Parents Liability for Children's Torts Georgia
In Georgia, unless superseded by statute, parents are not liable in damages for the torts of their minor children merely because of the parent-child relationship; when liability exists it is based on a principal-agent or a master-servant relationship where the negligence of the child is imputed to the parent, or it is based on the negligence of the parent in some factual situation such as allowing the child to have unsupervised control of a dangerous instrumentality.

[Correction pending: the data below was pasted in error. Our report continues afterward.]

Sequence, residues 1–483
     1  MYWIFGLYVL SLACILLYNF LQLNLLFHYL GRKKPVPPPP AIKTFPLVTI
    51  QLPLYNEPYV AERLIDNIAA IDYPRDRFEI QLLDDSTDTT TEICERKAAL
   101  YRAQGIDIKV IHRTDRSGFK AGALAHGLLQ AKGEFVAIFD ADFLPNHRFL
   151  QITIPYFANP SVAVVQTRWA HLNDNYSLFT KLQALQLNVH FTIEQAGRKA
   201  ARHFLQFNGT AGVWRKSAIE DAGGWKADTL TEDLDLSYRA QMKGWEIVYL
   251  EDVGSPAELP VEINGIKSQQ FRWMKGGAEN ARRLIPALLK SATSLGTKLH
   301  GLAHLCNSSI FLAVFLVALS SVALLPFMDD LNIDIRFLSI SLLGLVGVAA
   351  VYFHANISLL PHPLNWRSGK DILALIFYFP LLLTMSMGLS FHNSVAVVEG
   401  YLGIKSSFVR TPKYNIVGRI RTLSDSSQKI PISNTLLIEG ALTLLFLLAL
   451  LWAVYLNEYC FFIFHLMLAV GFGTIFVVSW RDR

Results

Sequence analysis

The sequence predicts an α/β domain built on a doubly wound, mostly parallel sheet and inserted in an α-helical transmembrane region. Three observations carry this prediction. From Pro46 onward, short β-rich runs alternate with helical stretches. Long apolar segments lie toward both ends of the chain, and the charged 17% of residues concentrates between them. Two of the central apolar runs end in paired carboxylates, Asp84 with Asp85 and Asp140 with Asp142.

"Recovery has been permitted where there was some parental negligence in furnishing or permitting a child access to an instrumentality with which the child likely would injure a third party." Saenz v. Andrus, 195 Ga. App. 431, 433 (2) (393 SE2d 724) (1990).
But where "the parent did not furnish the dangerous instrumentality but through negligence allowed access thereto to the child, the standard for imposing liability upon a parent . . . is whether the parent knew of the child's proclivity or propensity for the specific dangerous activity."
Absent evidence of such knowledge, the parent cannot be held liable.